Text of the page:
Who doesn’t love a little black dress? So versatile, so flattering, so classy. Dolin O’Shea, author of Famous Frocks: The Little Black Dress, agrees. In fact, she knows how very fabulous LBD’s are, she decided to write a pattern book all about them.
I met Dolin a few years ago when she was working at my favorite yarn and fabric shop, Bobbin’s Nest Studio. With a mind for precision and a love for fashion, Dolin has also worked as a patternmaker for Gap, Old Navy and Banana Republic. When I heard she had written a book featuring 10 famous LBD’s spanning the decades from Coco Chanel to Kate Moss, I knew it was going to be outstanding and I knew I had to interview her! Dolin did everything from researching to drafting to grading to making the samples. She even created a variation on each classic, rounding out the book with 20 patterns.
When I received my copy, I was so impressed with how thorough the instructions are and loved reading the history of each dress. Then I requested to receive three of the samples so I could play dress up, styling some of my favorites from the book. Dolin generously obliged. Trying the dresses on, I was blown away by how great the fit of each was. If you’ve ever sewn your own dress, you know that patterns often need altering to truly fit well. Not these! They are shaped beautifully. Read on to see how I styled them, learn more about the book and to find out how you could win your very own copy of Famous Frocks: The Little Black Dress.
Pattern-making is a true skill. Tell us a bit about your background and your experience drafting patterns.
I have a degree in fashion design and discovered while I was in school that I loved the technical side of design (pattern drafting and garment construction). So that is what I focused on when I started out in the garment industry. For most of my career I have been a technical designer. A technical designer works very closely with the garment designer to help execute their vision. We evaluate the fit of each garment on a fit model and make the necessary adjustments to the pattern. Then you create the tech pack for each garment, this includes a line drawing, the graded measurements of the finished garment and garment construction details. We also work closely with oversea’s agents/factories to convey any changes to the fit, styling, pattern, grading and measurements of each garment.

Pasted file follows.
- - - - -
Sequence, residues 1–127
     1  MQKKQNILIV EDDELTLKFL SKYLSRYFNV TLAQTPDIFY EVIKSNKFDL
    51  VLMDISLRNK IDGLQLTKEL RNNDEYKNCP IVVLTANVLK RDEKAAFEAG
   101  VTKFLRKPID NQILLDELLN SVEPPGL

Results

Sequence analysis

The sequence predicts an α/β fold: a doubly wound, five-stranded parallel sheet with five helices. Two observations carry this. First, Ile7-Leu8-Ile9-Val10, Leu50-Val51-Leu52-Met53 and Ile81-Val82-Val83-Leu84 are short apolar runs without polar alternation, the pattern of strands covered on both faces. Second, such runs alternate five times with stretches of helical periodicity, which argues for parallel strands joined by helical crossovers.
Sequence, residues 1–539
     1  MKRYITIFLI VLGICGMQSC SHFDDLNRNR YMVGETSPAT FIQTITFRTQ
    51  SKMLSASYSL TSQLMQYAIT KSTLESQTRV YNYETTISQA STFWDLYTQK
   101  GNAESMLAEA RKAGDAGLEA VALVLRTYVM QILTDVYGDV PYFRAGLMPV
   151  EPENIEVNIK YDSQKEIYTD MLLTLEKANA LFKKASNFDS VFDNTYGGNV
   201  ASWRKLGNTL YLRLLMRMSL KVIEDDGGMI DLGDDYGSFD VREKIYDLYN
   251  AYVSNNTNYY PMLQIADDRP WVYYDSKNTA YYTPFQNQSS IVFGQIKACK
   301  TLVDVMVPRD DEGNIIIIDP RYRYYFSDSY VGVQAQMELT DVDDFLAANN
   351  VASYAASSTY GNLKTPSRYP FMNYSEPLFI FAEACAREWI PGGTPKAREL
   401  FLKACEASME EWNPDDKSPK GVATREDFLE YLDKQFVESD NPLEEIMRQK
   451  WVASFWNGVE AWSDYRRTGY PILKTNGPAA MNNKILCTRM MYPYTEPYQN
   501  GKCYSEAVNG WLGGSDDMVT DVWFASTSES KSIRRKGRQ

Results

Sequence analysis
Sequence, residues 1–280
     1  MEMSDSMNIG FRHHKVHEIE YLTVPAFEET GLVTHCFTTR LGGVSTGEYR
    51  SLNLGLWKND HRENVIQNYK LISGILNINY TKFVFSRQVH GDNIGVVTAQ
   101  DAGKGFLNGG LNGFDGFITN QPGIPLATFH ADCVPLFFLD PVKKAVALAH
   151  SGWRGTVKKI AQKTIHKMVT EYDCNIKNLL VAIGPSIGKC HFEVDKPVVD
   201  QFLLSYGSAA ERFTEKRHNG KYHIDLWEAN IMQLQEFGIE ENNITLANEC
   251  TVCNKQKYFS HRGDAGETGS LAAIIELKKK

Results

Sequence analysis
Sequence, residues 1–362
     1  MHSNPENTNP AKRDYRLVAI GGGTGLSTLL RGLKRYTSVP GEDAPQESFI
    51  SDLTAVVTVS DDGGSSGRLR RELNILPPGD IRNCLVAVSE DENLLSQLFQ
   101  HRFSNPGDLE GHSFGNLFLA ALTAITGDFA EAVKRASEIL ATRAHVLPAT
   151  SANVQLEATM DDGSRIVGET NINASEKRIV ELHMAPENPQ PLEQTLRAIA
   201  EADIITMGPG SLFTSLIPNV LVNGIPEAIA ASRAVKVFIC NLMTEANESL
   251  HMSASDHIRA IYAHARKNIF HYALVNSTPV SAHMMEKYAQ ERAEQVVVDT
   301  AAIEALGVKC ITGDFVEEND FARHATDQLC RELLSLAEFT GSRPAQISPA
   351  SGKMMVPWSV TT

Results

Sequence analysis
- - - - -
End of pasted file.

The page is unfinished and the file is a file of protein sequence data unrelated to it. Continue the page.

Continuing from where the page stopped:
What inspired you to write the book? What is it about LBDs that you love?
With a fashion design background I have always loved vintage garments and always look to see how things were made in a particular era, so I wanted the book to have dresses from many different eras over the last 90 years. Most LBD’s are so versatile and they can really make getting dressed easy, since they can be styled in so many different ways with accessories.
History is full fabulous LBDs. How did you choose which dresses to include in the book?
Now that was the hardest part in the beginning stages of writing this book, which dresses to choose! I tried to choose styles that defined a particular era and weren’t overly complicated. Then there were many hours of pouring over images, I wanted to make sure that icon image showed most of the dress and that the icon was relevant to that era. It was fun going back and forth with my editor on the many different icons and dresses, I am sure the book could have been twice as long.